Hope Blooming

hope blooming

Patricia pointed out that the quilt square with the pink flower in it (which someone sent to me) is a compass pattern.  I like the idea of taking direction from this quilt which I’ve decided to name Hope Blooming. I see there’s more flowers in it than anything else, not something I was conscious of when I was making it.  It also has one of those Baroque love scenes, another kind of hope blooming. I was thinking entirely of color and pattern when I was making this quilt.  It’s seems my subconscious had something else to say. boy and girl

As for the Baroque love scene, my Italian Grandmothers living room was filled with ones just like it.   They were on the upholstery beneath the plastic covered couches and chairs, in ceramic statues on top of the TV.  They were the figures on lamps and the designs on the drapes. When we were kids, my sister, Fran and I would mimic them.  One of us taking the pose of the girl the other the boy.

I shied away from such images for a long time, but now they have found their way back to me.  Maybe because of the love that now fills my life, I can appreciate them again for what they symbolize which is the idea of romantic love.  From romantic to cynic back to romantic.  There is something child-like about this quilt in the bright colors, bold shapes and simplicity of design.  Maybe this quilt is about reaching inside and finding that part of me that knew the truth before the cynic moved in.  The truth about love and hope and it’s potential to keep coming back until I was ready to see it.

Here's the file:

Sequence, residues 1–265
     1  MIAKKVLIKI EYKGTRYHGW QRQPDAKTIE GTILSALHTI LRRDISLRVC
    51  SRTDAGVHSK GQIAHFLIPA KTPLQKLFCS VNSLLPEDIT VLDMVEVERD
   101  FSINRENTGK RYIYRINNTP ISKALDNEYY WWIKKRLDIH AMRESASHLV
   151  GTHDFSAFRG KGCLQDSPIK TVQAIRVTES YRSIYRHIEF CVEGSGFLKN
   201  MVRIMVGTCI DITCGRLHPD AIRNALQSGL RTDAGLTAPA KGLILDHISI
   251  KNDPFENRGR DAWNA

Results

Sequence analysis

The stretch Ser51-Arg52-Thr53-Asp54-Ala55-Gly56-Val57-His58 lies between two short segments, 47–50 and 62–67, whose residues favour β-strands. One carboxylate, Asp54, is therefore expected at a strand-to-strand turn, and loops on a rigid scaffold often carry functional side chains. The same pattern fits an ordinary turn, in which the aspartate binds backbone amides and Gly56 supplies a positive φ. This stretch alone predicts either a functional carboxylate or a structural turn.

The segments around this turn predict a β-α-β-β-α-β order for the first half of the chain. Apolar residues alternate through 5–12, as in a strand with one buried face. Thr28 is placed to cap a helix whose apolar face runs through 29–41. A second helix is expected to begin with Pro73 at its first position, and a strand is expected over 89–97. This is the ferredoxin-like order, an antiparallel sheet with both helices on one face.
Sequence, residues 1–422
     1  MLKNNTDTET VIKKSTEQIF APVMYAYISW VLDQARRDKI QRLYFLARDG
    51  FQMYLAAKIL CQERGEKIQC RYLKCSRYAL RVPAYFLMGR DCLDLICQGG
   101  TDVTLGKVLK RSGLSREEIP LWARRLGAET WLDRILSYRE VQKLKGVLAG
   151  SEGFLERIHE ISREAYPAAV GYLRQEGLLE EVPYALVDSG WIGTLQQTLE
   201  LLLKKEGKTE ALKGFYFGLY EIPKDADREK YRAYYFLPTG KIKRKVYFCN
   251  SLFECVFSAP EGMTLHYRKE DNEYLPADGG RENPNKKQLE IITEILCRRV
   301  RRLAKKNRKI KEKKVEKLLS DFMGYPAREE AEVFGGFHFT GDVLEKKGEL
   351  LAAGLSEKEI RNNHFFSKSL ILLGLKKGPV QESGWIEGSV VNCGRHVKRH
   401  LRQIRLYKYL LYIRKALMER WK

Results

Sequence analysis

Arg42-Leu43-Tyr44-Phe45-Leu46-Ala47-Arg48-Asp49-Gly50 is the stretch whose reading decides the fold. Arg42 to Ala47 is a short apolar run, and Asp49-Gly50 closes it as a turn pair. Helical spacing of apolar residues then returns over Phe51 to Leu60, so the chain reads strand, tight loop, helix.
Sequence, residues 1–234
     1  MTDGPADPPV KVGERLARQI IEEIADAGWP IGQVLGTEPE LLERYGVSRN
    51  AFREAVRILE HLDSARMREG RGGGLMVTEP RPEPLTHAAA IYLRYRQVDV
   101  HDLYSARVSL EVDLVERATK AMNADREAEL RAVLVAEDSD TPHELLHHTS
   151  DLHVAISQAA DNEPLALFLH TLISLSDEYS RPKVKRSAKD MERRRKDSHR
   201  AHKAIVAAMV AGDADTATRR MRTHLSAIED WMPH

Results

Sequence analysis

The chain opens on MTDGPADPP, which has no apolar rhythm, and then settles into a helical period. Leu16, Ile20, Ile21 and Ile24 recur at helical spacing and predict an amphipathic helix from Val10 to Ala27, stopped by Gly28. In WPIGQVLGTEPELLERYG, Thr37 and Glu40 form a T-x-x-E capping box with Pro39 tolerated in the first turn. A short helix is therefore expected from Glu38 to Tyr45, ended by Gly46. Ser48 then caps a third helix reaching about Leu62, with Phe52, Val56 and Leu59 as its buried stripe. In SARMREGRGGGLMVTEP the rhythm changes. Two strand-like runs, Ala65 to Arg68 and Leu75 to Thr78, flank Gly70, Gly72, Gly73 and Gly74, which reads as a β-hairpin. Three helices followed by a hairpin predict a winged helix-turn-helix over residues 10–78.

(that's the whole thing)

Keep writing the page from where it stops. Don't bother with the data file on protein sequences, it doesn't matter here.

Hope Blooming will be for sale when I finish it.   is sold.  It’s measures about 72″x76″ and is $275 + $20 shipping in the US ($30 shipping in Canada).  If you’re interested in it you can email me at [email protected].

3 thoughts on “Hope Blooming

  1. Maria,

    I am smiling. I know all about those plastic couch covers. My Grandmother’s sister, Jenny, the sister she hated, had those on her living room furniture. Not much fun to sit on in the summer. Or at all, to be honest! Do you have to be Italian to put those on your couch? Never saw them anywhere else.

    I bet your Grandmother had a kitchen in her basement, too! All my family had them. I think they started out as canning kitchens. Using them kept the house and the people cool during canning season. Later, though, when nobody canned they didn’t go away.
    Reminds me of the Zen story about the cat who bothered the master when sitting. He asked his deciple to tie up the cat before the meditation. After the cat died, the servant found a new cat to tie up before the meditation.


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